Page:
|Subject: Languages again|
Calling myself the multilingual is obviously a joke, wish I was for real, but I guess we Europeans at least have some chance to know some different languages just taking a few hour's drive from our home.
Debbie spoke about school learning and she's correct about the time window, but I experienced many people here, having studied English for about 8 years at school (from 10 to 18 y.o.), after a short time can't ever tell five words in a row or understand a simple question. This is because they don't have any real interest in it and they don't care to practise their skill after school. The result is many Italians of my generation and later either believe to know English (but they don't) or are ashamed to speak it because they don't feel up to it. When they go abroad or they are talking to foreigners, they use a sort of pidgin' english which is nevertheless commonly understood in Europe (at least).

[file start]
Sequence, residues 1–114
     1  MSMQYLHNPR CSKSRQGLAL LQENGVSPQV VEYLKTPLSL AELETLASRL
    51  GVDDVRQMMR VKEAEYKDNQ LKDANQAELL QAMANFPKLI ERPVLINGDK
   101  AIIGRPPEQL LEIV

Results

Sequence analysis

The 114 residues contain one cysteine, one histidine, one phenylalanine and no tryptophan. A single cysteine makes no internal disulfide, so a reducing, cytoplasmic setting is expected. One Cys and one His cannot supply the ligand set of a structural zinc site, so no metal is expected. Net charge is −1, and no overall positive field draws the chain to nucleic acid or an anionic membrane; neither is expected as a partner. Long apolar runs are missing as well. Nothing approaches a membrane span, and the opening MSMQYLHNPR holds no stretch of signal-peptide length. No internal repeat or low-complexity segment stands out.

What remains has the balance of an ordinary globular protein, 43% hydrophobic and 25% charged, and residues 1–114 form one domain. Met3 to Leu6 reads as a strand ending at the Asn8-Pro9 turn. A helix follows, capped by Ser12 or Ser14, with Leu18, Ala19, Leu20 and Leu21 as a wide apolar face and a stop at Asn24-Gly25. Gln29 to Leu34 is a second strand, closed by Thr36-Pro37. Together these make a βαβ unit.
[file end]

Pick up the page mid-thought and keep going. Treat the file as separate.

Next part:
English is now taught in primary school too, because its basic grammar is easy, but I see my children haven't the faintest idea of the correct pronunciation. No need to say the teachers are all formed in UK English and American English is widely unknown.
I guess the need for a global language in the Global Village will call for a different English, essential in words and with easied pronunciation, the same way swahili was born from the mix of African and Arabic languages for the purpose of commerce and communication. Will we need a League for Preservation of Original English? :-)